Over 45% of Florida homeowners live in HOA communities, paying an average of $389 per month in HOA fees. In Miami, the average is $415, which is one of the most expensive rates in the country.
Living in an HOA comes with many benefits thanks to shared expenses, but these depend on everyone paying their dues. Due to this, HOAs often take a hard line on homeowners who default on their HOA fee payments.
Paying maintenance and assessments in a timely fashion is part of the deal when you buy into an HOA, and your board could place an HOA lien on your home if you don't comply.
Find out more about this process and how it could affect you.
HOA Lien Requirements in Miami
Florida has very precise requirements for HOA communities that want to record a lien against a property.
The association may provide a statement to the property owner who owes HOA fees or special assessment fees. If the homeowner doesn't pay their dues, the association sends a notice of their intention to lien.
According to Florida Statute Chapter 718, the association must include the exact wording required in the content of the lien. If they don't, the lien is illegal, and a court can set it aside.
In this case, the homeowner may claim attorney's fees and costs. Additionally, the HOA must commence legal action within 90 days.
What Can an HOA Include in a Lien?
Florida has super lien laws. That means an HOA lien supersedes any amounts due on a mortgage during foreclosure.
The lien amount may include the following:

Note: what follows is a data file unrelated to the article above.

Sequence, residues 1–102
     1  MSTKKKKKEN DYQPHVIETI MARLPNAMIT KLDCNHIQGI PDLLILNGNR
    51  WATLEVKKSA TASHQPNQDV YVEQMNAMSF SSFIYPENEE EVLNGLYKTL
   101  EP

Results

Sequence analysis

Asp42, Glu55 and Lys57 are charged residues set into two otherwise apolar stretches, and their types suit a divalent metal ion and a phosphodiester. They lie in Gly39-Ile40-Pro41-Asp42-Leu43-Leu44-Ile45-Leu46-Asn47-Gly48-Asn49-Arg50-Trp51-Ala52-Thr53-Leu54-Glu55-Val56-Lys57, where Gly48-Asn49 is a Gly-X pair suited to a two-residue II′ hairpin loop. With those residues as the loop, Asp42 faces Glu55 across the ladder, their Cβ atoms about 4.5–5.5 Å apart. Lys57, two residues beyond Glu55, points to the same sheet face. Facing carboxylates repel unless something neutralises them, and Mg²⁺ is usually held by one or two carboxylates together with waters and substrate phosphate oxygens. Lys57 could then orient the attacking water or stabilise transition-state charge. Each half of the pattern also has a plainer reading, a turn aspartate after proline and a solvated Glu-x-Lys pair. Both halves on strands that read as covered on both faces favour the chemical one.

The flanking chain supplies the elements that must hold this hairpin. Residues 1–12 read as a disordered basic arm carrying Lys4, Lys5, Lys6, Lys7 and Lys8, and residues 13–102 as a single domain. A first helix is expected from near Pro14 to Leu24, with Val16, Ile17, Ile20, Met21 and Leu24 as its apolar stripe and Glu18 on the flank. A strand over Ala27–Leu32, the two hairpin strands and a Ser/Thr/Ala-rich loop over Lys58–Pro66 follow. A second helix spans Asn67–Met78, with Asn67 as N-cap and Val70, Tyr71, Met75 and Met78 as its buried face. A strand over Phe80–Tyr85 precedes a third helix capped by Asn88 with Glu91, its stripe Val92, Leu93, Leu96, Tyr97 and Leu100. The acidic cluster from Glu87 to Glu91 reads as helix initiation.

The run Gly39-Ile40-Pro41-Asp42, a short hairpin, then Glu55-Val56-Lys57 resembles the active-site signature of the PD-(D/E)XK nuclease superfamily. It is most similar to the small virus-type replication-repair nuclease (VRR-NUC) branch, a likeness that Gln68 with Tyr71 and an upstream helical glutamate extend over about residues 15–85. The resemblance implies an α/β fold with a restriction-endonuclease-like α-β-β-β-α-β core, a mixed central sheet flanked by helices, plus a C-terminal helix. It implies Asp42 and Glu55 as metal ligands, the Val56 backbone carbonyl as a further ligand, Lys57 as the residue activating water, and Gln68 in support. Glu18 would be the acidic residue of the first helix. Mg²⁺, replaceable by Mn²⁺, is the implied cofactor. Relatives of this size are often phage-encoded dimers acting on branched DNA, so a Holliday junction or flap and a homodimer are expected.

- Unpaid assessments
- Late charges up to $25 or 5% of each overdue installment
- Interest on unpaid assessments according to the declaration or bylaws
- Costs and attorneys' fees
An HOA can also levy fines against homeowners for regulatory infringements. Fines may not exceed $100 per infringement, but they can be levied for each day the violation continues.
Fines or overdue fees under $1,000 cannot become part of a lien. HOA board members must agree to implement lien proceedings at a meeting of the board.
HOA Lien Procedure
A Florida HOA may not file a lien until it provides the homeowner with a written demand. They must deliver this via one of the following:
- registered or certified mail
- return receipt requested
- first-class mail
They must allow the homeowner 45 days to pay their outstanding amounts in full before pursuing the lien. If the homeowner does not settle the overdue amounts, an HOA foreclosure could ensue, even if your mortgage is current.
During an HOA foreclosure, at any time longer than 30 days before the court date, a homeowner can serve and file a qualifying offer to pay all the amounts secured by the lien within 60 days.
If they don't meet the terms of the qualifying offer, the foreclosure proceedings will continue.
Managing the Ins and Outs of HOA Communities
An HOA board has many responsibilities aside from collecting HOA assessments. HOA lien proceedings place an extra burden on these volunteers.
PMI Sunshine State has years of experience assisting with the collection of HOA assessments and HOA liens. Get in touch if you'd like to experience working with expert HOA management services in Miami.